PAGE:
And that is now all it is good for. Wide panoramas of dramatic Argentine mountaintops (with the ubiquitous Cox-akimbo), or comical captures of thieving penguins, but NO SCIENCE. Where is the passion? The glistening eyes and wistful expression of Sagan? Where are the strong personal stories of Gorillas in the Mist? They are gone to be replaced by sllooow explanations of why you get fat when you eat too much, by a presenter who has excellent diction, but has never even done an alcohol immersion test.
Therein lies the rub. At Horizon, the non-scientists outnumber the scientists. I know the point is to make programmes that are accessible, but contrary to popular belief, not all scientists speak only in latin, and you only have to turn to the immense online community of professional and aspiring science communicators to find fascinating new takes on old ideas. Think what they could do with a BBC budget and connections? In my honest opinion, Horizon have fallen off the wagon in favour of fluffy school science and the frontiers of science communication have left them far behind.
Martin Robbins also touched on another half buried rage ball of mine. John Humphry’s. How does that man sleep at night? You really have to congratulate the Today programme on finding the most brashly opinionated and unabashedly ignorant man in Britain and persevering in letting him loose daily on some of the best minds in the country. In this I wholeheartedly agree with Mr Robbins, and can only repeat what he so eloquently put (presumably because he wasn’t fighting the urge to punch something Welsh):
When his guests provided answers, such as Rutherford’s neat explanation of the economic benefits of investing in scientific research, they aroused an “mm” or were ignored. Worse, Humphrys seemed almost proud of his own ignorance of the subject…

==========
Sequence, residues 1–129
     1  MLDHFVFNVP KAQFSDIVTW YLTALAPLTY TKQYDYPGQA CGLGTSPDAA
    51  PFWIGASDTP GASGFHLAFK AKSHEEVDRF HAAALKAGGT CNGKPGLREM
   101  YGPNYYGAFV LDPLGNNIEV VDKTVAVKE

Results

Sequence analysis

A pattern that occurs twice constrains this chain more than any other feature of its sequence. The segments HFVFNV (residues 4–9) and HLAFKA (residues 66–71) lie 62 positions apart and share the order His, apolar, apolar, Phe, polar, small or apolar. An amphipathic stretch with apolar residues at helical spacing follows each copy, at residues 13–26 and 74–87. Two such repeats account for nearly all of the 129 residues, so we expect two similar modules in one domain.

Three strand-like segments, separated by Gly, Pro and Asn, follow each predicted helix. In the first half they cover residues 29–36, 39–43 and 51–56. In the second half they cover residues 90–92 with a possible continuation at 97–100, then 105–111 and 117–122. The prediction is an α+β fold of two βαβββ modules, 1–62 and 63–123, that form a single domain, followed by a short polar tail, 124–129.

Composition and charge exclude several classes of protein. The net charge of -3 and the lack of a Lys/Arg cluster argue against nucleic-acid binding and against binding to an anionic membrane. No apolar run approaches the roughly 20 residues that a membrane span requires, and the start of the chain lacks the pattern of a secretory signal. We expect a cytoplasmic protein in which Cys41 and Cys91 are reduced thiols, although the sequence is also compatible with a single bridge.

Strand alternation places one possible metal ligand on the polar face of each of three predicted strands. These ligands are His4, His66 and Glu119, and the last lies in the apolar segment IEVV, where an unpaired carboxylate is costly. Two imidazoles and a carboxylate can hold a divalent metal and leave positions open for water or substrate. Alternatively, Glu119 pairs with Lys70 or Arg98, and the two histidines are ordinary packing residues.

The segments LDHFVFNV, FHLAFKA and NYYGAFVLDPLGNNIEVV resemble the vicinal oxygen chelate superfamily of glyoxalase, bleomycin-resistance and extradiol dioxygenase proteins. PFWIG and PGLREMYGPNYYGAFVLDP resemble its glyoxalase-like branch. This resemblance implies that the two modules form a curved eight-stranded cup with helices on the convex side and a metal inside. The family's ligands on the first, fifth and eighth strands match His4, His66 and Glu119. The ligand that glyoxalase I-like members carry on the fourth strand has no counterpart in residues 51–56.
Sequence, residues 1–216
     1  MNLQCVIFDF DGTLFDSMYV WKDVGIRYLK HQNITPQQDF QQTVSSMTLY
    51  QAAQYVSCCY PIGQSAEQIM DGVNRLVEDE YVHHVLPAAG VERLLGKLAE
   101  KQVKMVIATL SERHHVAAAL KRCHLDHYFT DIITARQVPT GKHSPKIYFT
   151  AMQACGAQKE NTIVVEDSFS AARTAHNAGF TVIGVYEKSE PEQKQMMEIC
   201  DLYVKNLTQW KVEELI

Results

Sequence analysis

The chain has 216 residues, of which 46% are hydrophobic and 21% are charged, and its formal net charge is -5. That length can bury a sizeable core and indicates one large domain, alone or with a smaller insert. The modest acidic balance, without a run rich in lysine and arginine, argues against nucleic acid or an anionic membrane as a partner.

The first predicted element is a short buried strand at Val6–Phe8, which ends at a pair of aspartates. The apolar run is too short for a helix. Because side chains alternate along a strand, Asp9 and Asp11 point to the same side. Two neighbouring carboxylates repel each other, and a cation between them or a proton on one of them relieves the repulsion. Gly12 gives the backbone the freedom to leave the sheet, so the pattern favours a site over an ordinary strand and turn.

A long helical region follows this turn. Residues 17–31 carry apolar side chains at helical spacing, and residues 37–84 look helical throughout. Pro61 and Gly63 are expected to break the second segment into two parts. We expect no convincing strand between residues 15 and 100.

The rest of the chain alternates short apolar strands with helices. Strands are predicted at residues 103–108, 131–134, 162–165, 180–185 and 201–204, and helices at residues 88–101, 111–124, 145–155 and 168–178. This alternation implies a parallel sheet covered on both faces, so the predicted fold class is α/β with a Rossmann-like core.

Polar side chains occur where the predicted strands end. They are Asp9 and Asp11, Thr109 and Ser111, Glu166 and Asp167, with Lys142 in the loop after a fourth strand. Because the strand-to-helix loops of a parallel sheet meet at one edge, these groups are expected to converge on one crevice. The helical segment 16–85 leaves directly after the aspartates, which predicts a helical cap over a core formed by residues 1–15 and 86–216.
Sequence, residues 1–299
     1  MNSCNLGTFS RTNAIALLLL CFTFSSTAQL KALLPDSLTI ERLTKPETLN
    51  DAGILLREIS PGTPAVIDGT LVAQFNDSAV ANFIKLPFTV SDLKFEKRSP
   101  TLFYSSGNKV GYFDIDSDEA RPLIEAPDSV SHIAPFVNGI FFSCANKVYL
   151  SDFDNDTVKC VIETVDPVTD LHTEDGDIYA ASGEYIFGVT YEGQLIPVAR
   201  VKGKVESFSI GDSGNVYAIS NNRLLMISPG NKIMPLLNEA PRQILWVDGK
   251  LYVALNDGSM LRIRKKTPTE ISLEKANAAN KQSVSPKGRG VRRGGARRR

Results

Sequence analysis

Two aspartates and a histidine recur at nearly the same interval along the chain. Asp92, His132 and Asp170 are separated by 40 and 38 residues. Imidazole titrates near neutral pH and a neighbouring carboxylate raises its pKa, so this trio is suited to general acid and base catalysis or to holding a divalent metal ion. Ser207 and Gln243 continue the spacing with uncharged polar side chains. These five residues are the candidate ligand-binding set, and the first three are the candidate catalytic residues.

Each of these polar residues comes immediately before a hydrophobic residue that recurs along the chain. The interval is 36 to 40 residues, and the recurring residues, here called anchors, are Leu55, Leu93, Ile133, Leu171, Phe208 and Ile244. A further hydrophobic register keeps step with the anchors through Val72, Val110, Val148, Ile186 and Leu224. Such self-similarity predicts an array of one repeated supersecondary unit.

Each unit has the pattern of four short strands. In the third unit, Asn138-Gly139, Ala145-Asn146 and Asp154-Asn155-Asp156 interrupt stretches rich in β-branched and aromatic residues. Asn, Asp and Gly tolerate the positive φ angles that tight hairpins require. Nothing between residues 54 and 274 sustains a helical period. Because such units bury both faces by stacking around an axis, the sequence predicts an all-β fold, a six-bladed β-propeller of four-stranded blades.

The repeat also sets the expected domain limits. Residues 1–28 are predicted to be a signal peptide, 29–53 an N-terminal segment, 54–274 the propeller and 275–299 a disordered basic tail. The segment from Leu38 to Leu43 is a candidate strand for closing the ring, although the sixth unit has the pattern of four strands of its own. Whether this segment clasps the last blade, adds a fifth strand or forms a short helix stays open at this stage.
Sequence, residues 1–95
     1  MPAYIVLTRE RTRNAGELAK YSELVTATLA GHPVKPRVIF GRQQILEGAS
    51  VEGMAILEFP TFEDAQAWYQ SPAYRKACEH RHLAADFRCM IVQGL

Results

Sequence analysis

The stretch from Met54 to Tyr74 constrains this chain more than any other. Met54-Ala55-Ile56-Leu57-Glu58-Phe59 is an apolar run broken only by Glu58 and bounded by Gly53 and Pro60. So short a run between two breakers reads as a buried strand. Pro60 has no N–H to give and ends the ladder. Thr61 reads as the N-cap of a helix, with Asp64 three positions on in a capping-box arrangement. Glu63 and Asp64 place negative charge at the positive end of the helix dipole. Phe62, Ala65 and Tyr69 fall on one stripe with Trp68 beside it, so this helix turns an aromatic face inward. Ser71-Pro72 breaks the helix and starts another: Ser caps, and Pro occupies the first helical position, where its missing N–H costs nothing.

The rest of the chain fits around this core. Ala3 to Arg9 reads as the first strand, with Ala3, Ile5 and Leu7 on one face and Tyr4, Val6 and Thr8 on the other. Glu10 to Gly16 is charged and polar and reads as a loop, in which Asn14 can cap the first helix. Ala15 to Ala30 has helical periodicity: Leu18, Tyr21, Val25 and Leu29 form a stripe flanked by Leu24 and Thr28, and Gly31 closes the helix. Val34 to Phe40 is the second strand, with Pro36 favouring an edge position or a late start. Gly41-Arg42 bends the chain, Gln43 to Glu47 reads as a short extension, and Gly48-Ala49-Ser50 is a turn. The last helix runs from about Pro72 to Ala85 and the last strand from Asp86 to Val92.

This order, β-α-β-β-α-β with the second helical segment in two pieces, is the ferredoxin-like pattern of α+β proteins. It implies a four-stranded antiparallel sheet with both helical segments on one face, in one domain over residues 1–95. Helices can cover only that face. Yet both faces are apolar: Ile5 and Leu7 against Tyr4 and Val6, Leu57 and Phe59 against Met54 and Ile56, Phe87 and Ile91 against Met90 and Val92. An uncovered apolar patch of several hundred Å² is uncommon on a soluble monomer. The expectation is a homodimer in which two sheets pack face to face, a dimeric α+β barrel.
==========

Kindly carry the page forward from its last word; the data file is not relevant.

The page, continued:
I now use the Today programme as an alarm clock. I think I average about 5 seconds from deep sleep to hurling the radio across the room. It has never failed.
This is all turning into a bit of a rant, so let me say something positive. BBC Science does get some things right, and that is its news. Whether written online, presented on the 6 O’Clock, or prerecorded for a weekly roundup, the newsgatherers hit the spot. Outwardly, they seem to regularly strike the perfect balance between quirky, serious, and engaging. . They are not all scientists, but they have something the feature programmers drastically lack – passion. They invest emotion and interest in scientists’ findings, and their curiosity is infectious whether reading, listening, or watching them, or working with them. Give them a prime time airing and much of the BBC’s ills could be cured. The two months I spent with them were two of the best of my life.
What is it about newsgathering that is so much more alive than feature programming? Perhaps the endless onslaught of new information selects for those who are flexible and can think on their toes. Perhaps seeing a feature documentary through is a soulless task, unavoidably stripping out any enthusiasm that may have once been there. All I can say with confidence is that somewhere along the way, the BBC have got the equation wrong, and it risks losing the unquestioning belief of the public, as well as my (almost) unconditional love.
So I can only thank Martin Robbins for exposing my guilty secret, the embarrassing truth, that I would sooner watch the cringing comedy Twenty Twelve, than any science on the BBC.